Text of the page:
What's Up Wednesday -- Leeya

#WhatsUpWednesday is our chance to hear from the teens and young adults who are involved with the Speak Now for Kids community. This week’s post will focus on 17-year-old Leeya from Le Bonheur Children’s Hospital. A fun, smart young lady, Leeya has endured multiple life-changing events since being diagnosed with a vascular anomaly that impacted her lymphatic system. Through it all, she managed to keep up her grades in school and volunteer to give back to her community.

Leeya is service-minded and a big advocate for children’s health. She was elected president of her youth group and now volunteers with the Le Bonheur Children's Hospital teen group. In a truly inspiring expression of gratitude to Le Bonheur, Leeya rallied her youth group to organize a fashion show that raised $1,200 for the hospital. There seems to be no limit to what Leeya can accomplish when she sets her mind to it.

So Leeya… what’s up?

Why I advocate I advocate for all the children and their families who may not have the best resources for insurance, medical specialists, or a good local hospital.

My favorite moment from the 2018 Family Advocacy Day Definitely meeting and interviewing Dr. Arnold! I have been a huge fan of her show for a long time. I have always thought that Dr. Arnold and her husband, Bill, are amazing in raising awareness for children’s health. I truly admire how they are teaching the world that your physical appearance and the challenges you overcome do not dictate who you are.

What my children’s hospital means to me Everyone at LeBonheur is like my second family. Not only did they help me recover from my medical condition, they’ve also made a huge impact on what I want to do in life. LeBonheur has made me realize that hospitals do not have to be scary and that I should not be afraid of doctors and nurses. I could not ask for a better medical team!

What I want the world to know about my condition Generalized lymphatic anomaly (GLA) is an extremely rare condition with less than 200 known cases in the United States. Most of my bones are affected along with my spleen, but my case is not severe compared to many others with the same condition. I want people to know that my condition does not have enough research money. You can check out to learn more about my condition!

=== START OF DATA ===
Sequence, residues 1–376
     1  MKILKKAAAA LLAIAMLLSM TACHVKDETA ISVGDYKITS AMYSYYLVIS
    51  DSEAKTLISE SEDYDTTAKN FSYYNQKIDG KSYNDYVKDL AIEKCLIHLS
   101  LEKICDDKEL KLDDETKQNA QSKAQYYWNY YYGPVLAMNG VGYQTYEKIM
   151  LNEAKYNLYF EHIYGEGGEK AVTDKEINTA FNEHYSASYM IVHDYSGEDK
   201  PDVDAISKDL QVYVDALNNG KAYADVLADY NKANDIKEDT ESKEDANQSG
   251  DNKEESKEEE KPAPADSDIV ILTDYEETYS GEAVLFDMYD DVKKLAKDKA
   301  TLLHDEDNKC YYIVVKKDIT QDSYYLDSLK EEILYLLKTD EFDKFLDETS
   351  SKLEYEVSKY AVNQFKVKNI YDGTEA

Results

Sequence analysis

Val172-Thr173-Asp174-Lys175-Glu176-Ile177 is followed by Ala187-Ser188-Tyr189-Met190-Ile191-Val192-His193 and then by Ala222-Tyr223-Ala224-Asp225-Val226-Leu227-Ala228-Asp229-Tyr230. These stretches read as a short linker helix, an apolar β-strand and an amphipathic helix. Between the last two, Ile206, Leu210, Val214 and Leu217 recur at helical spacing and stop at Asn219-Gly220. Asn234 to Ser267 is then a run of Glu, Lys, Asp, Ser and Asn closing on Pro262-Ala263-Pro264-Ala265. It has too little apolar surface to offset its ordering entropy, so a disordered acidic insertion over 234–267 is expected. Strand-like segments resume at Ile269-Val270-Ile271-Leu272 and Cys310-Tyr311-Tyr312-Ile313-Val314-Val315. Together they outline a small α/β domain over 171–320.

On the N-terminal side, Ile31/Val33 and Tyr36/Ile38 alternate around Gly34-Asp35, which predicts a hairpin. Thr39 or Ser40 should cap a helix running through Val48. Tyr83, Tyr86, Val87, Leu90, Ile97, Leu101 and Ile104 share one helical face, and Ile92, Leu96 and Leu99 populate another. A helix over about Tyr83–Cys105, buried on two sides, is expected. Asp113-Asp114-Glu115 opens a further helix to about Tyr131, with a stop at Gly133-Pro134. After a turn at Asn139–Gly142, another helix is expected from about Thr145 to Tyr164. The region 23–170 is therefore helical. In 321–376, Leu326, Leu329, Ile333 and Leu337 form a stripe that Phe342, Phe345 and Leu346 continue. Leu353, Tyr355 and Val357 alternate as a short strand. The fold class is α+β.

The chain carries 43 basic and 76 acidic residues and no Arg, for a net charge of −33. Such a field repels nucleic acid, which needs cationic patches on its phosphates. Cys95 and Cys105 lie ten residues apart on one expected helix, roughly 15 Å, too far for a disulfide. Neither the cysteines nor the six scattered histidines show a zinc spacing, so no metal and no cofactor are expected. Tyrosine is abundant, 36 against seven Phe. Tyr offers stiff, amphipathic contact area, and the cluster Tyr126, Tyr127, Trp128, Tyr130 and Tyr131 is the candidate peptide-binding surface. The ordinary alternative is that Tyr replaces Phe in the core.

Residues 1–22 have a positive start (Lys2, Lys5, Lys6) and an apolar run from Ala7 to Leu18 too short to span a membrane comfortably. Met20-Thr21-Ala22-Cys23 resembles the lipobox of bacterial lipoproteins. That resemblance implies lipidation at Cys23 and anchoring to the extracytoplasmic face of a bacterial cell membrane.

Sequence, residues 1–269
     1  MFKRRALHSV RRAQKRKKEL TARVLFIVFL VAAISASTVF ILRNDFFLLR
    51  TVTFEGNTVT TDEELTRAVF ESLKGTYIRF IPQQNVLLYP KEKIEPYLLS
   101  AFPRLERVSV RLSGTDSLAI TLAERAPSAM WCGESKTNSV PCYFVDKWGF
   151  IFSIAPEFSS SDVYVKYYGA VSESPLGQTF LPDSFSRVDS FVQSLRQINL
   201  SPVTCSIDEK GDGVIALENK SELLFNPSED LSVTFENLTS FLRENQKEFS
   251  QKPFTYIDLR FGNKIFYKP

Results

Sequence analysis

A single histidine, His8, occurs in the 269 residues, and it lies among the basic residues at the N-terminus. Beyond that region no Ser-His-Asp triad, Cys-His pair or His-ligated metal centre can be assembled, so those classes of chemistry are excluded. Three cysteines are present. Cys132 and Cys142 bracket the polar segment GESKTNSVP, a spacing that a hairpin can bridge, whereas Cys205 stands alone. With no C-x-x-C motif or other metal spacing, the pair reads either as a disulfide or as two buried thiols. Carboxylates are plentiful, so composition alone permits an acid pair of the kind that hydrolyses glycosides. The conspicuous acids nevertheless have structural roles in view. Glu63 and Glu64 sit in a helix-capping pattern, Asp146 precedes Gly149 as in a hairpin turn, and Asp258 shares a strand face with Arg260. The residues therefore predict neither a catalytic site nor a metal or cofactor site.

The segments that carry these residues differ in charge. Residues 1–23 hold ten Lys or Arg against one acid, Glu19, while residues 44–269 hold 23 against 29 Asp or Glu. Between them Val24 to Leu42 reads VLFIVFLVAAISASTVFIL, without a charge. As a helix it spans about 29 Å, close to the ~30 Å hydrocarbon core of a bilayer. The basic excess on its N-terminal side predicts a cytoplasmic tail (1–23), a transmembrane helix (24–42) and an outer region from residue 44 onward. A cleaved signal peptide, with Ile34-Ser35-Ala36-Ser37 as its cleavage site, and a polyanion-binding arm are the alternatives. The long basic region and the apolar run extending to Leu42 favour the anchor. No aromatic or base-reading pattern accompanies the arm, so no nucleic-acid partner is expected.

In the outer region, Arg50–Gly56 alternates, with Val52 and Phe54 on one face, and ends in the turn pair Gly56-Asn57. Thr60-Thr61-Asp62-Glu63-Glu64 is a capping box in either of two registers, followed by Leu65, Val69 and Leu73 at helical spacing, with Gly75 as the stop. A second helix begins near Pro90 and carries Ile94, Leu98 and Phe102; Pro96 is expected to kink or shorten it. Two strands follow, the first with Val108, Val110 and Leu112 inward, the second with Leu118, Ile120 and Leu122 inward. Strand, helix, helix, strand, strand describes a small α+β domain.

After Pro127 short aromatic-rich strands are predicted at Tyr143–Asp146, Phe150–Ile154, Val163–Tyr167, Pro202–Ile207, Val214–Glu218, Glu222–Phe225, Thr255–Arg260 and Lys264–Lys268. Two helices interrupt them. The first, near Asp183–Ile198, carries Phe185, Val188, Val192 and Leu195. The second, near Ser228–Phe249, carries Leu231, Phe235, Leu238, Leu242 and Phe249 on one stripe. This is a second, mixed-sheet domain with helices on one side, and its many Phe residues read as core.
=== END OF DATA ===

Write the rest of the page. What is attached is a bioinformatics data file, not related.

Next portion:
What makes me unique My condition and also how I spell my name, Leeya! Another thing that makes me special is that I am not letting my condition and everything that comes along with it stop me from what I want to do in my life. I am definitely using all the bad things that have happened to me for good.

What have I overcome I have overcome neuropathic (chronic) pain. I have overcome a major lymphatic leak due to a complication from a biopsy. I have overcome being diagnosed in my sophomore year of high school. I was absent from school for most of the first semester, and still kept up my grades and even being inducted into the National Honor Society.

How I plan to give back to the world I want to help children’s hospitals. I want to improve inpatient services. One example is by improving the equipment, care, and activities for teenage patients. I also want to help improve outpatient services by making sure that the systems can transfer orders from a patient's inpatient stay. I also want to improve communications between children's hospitals especially when it pertains to kids with rare conditions who need care from multiple hospitals.

What I want to be when I grow up I want to work in hospital administration. 

My favorite subject in school My favorite subject in school is math because I love the satisfaction I get when I figure out a problem!

What I’m excited about the most for the upcoming school year I am most excited to have a "normal" senior year of high school. My condition is stable so I am hoping that I can make it through the school days and do my homework with as little accommodations as possible.

Didn’t see Leeya’s original Speak Now for Kids Family Advocacy Post? Just click here.

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